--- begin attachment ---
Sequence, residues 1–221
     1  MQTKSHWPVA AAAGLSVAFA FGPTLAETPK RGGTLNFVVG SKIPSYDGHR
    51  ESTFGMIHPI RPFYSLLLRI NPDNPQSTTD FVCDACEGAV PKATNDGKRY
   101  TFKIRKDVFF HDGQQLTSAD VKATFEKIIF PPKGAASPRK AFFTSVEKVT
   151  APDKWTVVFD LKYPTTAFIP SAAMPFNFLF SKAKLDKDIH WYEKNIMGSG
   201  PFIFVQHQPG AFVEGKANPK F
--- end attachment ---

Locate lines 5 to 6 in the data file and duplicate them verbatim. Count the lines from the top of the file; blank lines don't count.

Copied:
   151  APDKWTVVFD LKYPTTAFIP SAAMPFNFLF SKAKLDKDIH WYEKNIMGSG
   201  PFIFVQHQPG AFVEGKANPK F